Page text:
Letter from President James Buchanan to SC Commissioners regarding Federal Troops in Charleston Harbor, 30 December 1860
The South Carolina Constitutional Convention, which authored the Ordinance of Secession and the Declaration of Immediate Clauses, formed a commission, consisting of R.W. Barnwell, J.H. Adams, and James L. Orr, to negotiate with President James Buchanan. Two days before the first letter, Major Robert Anderson, the commanding officer in Charleston, moved federal troops from Fort Moultrie to Fort Sumter. In response, the state militia seized all federal property in Charleston, except for Fort Sumter.In the first letter, the Commissioners wrote to President Buchanan to give him a copy of the Ordinance of Secession and ask him to withdrawal federal troops from Charleston harbor. In this letter , President Buchanan replies by refusing to remove the troops. He explains to the South Carolina Commissioners his inability under the U.S. Constitution to resolve any disagreements with Congress, but states his intention of upholding his constitutional duty to protect the property of the United States, including Fort Sumter, if it is attacked. Although the attack on Fort Sumter would not occur for four more months, this exchange between the Commissioners and President Buchanan illustrates the significance of federal troops in Charleston in the initiation of armed combat between the two sides.
Letter of President Buchanan to the Washington Commissioners, December 30, 1860, Journal of the Convention of the People of South Carolina, Held in 1860-’61. Together with the Reports, Resolutions, &c. Charleston, p. 356-362: Evans & Cogswell, Printers to the Convention. No. 3 Broad and 103 East Bay Streets. 1861. South Carolina Department of Archives and History, Columbia, South Carolina.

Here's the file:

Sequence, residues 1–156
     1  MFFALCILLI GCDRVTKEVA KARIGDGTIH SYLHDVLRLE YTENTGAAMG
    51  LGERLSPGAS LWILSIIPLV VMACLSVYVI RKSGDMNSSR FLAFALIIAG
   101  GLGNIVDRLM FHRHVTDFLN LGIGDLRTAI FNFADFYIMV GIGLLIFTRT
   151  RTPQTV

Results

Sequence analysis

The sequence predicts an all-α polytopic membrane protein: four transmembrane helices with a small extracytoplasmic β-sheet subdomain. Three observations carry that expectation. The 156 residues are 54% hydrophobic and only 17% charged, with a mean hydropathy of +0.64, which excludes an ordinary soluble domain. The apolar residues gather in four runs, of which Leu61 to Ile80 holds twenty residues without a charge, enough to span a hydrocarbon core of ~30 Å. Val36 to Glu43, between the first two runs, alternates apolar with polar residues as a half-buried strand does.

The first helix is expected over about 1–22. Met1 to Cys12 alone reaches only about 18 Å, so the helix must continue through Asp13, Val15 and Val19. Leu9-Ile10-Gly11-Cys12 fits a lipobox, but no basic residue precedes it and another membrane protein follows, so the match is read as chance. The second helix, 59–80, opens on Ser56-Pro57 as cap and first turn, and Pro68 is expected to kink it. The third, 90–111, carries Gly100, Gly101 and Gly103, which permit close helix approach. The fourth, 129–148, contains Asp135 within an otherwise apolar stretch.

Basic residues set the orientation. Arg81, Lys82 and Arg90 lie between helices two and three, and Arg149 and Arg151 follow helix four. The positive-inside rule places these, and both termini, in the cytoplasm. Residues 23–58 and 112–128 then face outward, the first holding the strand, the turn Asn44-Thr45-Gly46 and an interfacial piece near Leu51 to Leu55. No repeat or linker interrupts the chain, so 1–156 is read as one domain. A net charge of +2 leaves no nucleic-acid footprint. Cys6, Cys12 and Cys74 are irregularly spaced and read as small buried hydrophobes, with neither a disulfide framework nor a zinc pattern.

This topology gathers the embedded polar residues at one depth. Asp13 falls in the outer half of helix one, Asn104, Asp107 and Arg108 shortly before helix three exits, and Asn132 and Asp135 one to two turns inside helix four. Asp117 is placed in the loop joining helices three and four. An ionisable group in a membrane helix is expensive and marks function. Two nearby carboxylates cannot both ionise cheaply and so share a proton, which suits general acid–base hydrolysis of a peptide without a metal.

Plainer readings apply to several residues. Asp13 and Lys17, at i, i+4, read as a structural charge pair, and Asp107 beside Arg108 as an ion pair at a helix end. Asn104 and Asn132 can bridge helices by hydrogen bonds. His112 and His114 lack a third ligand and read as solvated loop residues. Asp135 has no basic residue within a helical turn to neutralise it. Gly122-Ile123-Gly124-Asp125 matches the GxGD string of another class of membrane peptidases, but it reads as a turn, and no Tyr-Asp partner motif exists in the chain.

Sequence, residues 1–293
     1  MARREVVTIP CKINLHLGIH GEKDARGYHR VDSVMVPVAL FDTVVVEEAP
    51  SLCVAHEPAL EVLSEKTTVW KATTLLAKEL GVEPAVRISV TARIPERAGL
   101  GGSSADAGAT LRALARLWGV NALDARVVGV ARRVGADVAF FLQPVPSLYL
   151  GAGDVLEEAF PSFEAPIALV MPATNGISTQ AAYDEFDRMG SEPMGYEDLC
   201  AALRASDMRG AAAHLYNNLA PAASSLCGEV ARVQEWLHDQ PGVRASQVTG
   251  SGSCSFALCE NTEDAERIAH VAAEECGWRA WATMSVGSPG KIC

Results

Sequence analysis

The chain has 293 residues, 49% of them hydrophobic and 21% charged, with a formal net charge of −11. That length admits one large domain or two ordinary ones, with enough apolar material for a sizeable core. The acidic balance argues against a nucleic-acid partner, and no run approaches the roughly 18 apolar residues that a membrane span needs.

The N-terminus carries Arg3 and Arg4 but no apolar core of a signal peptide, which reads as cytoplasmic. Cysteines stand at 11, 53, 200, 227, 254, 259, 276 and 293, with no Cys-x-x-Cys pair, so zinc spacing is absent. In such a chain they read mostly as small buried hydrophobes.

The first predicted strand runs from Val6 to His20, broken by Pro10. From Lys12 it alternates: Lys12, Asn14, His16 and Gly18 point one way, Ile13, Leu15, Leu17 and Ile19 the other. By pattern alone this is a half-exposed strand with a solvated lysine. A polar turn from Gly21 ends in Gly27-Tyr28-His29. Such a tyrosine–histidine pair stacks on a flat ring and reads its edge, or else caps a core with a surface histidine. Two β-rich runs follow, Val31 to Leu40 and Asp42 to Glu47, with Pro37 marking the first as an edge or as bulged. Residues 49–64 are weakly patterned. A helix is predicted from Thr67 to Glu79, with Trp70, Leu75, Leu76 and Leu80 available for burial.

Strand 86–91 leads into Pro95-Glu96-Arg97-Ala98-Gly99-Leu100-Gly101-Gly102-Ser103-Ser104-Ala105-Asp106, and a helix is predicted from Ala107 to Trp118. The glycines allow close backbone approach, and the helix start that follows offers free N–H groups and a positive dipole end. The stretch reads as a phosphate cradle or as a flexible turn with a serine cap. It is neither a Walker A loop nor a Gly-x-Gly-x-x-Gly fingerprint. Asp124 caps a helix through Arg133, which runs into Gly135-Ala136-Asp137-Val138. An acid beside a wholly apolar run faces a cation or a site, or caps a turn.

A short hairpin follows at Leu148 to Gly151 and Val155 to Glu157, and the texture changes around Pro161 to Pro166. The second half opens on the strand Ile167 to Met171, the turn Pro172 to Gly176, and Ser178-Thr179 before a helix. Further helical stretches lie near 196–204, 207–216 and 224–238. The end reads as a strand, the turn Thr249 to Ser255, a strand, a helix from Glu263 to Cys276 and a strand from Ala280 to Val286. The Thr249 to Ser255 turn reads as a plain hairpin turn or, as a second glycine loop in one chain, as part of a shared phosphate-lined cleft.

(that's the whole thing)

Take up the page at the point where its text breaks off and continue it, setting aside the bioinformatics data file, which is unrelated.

Standard 3-4: The student will demonstrate an understanding of the events that led to the Civil War, the course of the War and Reconstruction, and South Carolina’s role in these events.
Indicator 3.4-4 Outline the course of the Civil War and South Carolina’s role in significant events, including the Secession Convention, the firing on Fort Sumter, the Union blockade of Charleston, and Sherman’s march through South Carolina.
Standard 4-6: The student will demonstrate an understanding of the Civil War and its impact on America.
Indicator 4-6.3 Explain how specific events and issues led to the Civil War, including the sectionalism fueled by issues of slavery in the territories, state’s rights, the election of 1860, and secession.
Standard 8-3: The student will demonstrate an understanding of the American Civil War—its causes and effects and the major events that occurred during that time.
Indicator 8-3.4 Compare the attitudes of the unionists, cooperationists, and secessionists in South Carolina and summarize the reasons that the members of the South Carolina secession convention in 1860 voted unanimously to secede from the Union, including concerns about states’ rights and fears about abolition.
Standard USHC-4: The student will demonstrate an understanding of the causes and the course of the Civil War and Reconstruction in America.
Indicator USHC-4.2 Explain how the political events and issues that divided the nation led to civil war, including the compromises reached to maintain the balance of free and slave states, the successes and failures of the abolitionist movement, the conflicting views on states’ rights and federal authority, the emergence of the Republican Party and its win in 1860, and the formation of the Confederate States of America.